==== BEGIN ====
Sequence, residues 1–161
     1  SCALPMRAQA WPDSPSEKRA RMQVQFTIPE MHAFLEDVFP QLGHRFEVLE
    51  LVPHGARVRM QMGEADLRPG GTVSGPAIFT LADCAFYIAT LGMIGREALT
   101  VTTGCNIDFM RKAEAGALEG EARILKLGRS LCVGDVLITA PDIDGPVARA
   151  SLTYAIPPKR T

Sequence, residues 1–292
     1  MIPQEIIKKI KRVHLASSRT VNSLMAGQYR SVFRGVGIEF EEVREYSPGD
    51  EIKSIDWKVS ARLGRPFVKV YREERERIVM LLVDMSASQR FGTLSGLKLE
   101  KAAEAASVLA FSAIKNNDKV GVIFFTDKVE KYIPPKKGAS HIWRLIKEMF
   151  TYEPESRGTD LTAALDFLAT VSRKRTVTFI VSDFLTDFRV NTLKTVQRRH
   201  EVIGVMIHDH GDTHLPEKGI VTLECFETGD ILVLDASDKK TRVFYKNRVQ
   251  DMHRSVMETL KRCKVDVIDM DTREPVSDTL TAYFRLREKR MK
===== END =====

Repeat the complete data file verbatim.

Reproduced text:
Sequence, residues 1–161
     1  SCALPMRAQA WPDSPSEKRA RMQVQFTIPE MHAFLEDVFP QLGHRFEVLE
    51  LVPHGARVRM QMGEADLRPG GTVSGPAIFT LADCAFYIAT LGMIGREALT
   101  VTTGCNIDFM RKAEAGALEG EARILKLGRS LCVGDVLITA PDIDGPVARA
   151  SLTYAIPPKR T

Sequence, residues 1–292
     1  MIPQEIIKKI KRVHLASSRT VNSLMAGQYR SVFRGVGIEF EEVREYSPGD
    51  EIKSIDWKVS ARLGRPFVKV YREERERIVM LLVDMSASQR FGTLSGLKLE
   101  KAAEAASVLA FSAIKNNDKV GVIFFTDKVE KYIPPKKGAS HIWRLIKEMF
   151  TYEPESRGTD LTAALDFLAT VSRKRTVTFI VSDFLTDFRV NTLKTVQRRH
   201  EVIGVMIHDH GDTHLPEKGI VTLECFETGD ILVLDASDKK TRVFYKNRVQ
   251  DMHRSVMETL KRCKVDVIDM DTREPVSDTL TAYFRLREKR MK